Charities We Support2018-09-20T13:53:49+00:00

Cotswold Clubhouse support two important charities. One is important to the Gloucestershire community and one is a national charity that is close to the Clubhouse family. Both are special for children and families, which is what is paramount to us here!

Acorns

Cotswold Clubhouse supports Acorns Children’s Hospice

Acorns Children’s Hospice offers vital care for babies, children and young people with life limiting and life threatening conditions across the West Midlands – including The Cotwolds & Gloucestershire.

The children and young people that Acorns helps are not expected to reach adulthood and require specialist care 24 hours a day, 7 days a week.

The charity operates three hospices including Gloucestershire’s local hospice, Acorns for the Three Counties in Worcester; Acorns in Birmingham, Selly Oak; and Acorns in the Black Country, in Walsall.

The hospices provide a home-from-home environment where children take part in a variety of fun and therapeutic activities, from arts and crafts sessions to hydrotherapy. Children visit Acorns for respite, short breaks, end of life and emergency care.

As well as care for children, Acorns offers support for their families. Acorns provides a mix of support groups which meet regularly so family members can take part in a variety of activities, helping them to express their feelings, build friendships with others in similar situations and reduce isolation.

To learn more about this wonderful charity, please visit their website www.acorns.org.uk

CLAPA

Cotswold Clubhouse supports the Cleft Lip & Palate Association

The Cleft Lip and Palate Association (CLAPA) works to improve the lives of people born with a cleft and their families in the United Kingdom. One in 700 babies are born with a cleft lip and/or palate, a lifelong condition which impacts everyone differently. CLAPA works to improve the lives of people born with a cleft and their families in the United Kingdom, by providing knowledge, practical support, a community and a voice to people affected by cleft.

To learn more about this wonderful charity, please visit their website clapa.com  

Caroline and Izzie’s story

When I found out I was pregnant with my 4th child I was very excited, as were my daughter Jessica and two sons Ollie and Charlie. The pregnancy went well, all the scans were “normal” and we just looked forward to the day we would say hello to our new little one.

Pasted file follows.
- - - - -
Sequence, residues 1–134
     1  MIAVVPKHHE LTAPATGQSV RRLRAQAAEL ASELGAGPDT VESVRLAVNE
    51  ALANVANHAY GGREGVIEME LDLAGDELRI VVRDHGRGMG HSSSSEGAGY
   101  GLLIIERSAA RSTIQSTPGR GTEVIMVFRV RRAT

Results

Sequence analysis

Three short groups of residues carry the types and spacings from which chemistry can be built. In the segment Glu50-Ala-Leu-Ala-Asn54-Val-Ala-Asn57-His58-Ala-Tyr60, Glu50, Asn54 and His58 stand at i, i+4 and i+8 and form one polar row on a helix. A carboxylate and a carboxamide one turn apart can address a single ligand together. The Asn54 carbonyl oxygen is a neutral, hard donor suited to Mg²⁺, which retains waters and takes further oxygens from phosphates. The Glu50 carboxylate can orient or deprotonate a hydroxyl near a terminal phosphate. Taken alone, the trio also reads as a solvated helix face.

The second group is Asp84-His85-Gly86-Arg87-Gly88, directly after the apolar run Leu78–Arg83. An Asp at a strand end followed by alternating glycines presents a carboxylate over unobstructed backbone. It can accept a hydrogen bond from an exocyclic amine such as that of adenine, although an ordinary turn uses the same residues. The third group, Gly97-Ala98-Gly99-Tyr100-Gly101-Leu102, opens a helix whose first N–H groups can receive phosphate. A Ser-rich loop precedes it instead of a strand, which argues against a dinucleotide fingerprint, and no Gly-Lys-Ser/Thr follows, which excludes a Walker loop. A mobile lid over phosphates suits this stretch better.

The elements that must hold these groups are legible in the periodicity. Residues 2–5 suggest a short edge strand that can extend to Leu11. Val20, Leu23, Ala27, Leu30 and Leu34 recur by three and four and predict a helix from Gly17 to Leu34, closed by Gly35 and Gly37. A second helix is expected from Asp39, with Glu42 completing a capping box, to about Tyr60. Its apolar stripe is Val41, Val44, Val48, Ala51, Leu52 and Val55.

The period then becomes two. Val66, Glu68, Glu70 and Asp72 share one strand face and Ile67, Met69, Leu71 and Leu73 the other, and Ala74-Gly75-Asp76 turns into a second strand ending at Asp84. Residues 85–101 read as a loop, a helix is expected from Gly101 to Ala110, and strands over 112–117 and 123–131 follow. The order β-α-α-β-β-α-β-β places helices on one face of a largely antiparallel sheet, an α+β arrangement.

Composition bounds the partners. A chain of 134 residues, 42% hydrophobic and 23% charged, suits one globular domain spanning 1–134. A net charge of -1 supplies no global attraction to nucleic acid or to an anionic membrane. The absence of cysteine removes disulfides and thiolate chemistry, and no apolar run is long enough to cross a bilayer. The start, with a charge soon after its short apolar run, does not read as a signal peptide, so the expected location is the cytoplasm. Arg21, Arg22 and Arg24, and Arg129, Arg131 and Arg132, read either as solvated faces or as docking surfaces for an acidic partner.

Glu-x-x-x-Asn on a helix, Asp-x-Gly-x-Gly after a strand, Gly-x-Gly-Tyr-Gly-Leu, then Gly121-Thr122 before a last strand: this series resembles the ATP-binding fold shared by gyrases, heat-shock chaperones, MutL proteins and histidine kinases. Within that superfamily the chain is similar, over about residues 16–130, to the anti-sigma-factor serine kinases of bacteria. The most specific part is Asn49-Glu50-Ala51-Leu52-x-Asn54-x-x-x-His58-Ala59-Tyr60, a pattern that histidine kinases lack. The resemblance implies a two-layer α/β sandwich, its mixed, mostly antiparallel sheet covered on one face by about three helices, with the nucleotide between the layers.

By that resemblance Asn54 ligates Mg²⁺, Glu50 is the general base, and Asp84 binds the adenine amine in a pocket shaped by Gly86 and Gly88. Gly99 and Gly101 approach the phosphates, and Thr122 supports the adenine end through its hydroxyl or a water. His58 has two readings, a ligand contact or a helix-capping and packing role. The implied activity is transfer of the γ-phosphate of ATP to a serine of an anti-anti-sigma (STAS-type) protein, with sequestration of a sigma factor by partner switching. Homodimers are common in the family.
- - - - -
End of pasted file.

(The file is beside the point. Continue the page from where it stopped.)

Izzie was born on 7th June 2011, and when she was welcomed into the world, everyone in the room was taken aback. As nothing had been picked up on the scans, no one could quite believe when she was born with such a large cleft. I was in complete shock and honestly thought I had done something wrong in delivery, as it didn’t properly sink in what was actually wrong. The diagnosis was a bilateral cleft lip and palate, along with hearing loss and Izzie also had talipes, which is where her foot turns inwards. Her face was still beaming, she has always been such a happy girl; but she was not aware of her issues, or what was to come.

We had to stay in hospital for some time, whilst we were visited by a cleft consultant, plastic surgeon, orthodontist, speech therapist and counsellors. Then Izzie had an appointment every three days, for three months. Through all of this, I still had all the struggles and worries of a mother, with a baby. Except to feed my baby for the first 3 months I had to use pipettes to give her milk, taking 2 hours a time, and in finishing one feed I would have to look at starting another. My other 3 children sadly got used to having much less attention.

When Izzie was just 12 weeks old she had her first operation, to bring her face together and join her upper lip. That operation lasted 6.5 hours, and was the longest time ever for me; but seeing her afterwards I was so taken with how even more beautiful my little girl was. The palate gap was so big they decided it would need to be repaired over 5 operations, the first one at 6 months. Tragically, 3 weeks after this the area got infected and fell apart, so they had to start all over again.

In 2018, Izzie has so far had 6 operations, 1 cosmetic, 4 palate construction and a further cosmetic procedure on her nose. It is sad to say that Izzie has had to deal with other children not understanding, and bullying her. She wanted to have an operation on her nose to straighten it and I stood behind her all of the way. We ask that we work on educating children and ourselves, that just because somebody looks “different”, it does not mean a thing. We don’t know each other’s stories and we should not make judgements on the way somebody looks!

We first came across CLAPA (Cleft Lip & Palate Association) in the hospital, when Izzie was born. They gave us information and we got to learn how they offer support and counselling, as well as provide special feeding bottles for children with a cleft. They were also wonderful to come to Izzie’s school, after she had experienced bullying, and they talked to the children about what a cleft is. Izzie also has had direct counselling from CLAPA and they have even recognised in her a confident young girl, with amazing speech, who can become an ambassador to help other young children.

Therefore, CLAPA will always be a charity I would like to support and in creating Cotswold Clubhouse I wanted to use it as a platform to raise money for the charity, by giving a percentage of the profits to them. Alongside this I also want to help educate others on this condition and put the message out there, that should you ever find out you are going to have a child with a cleft, have faith that you can have a perfectly wonderful child, who may just look a little different at first.

Izzie is a beautiful daughter, inside and out. She is amazingly confident, kind, friendly, happy, loving life and has a smile that can melt hearts!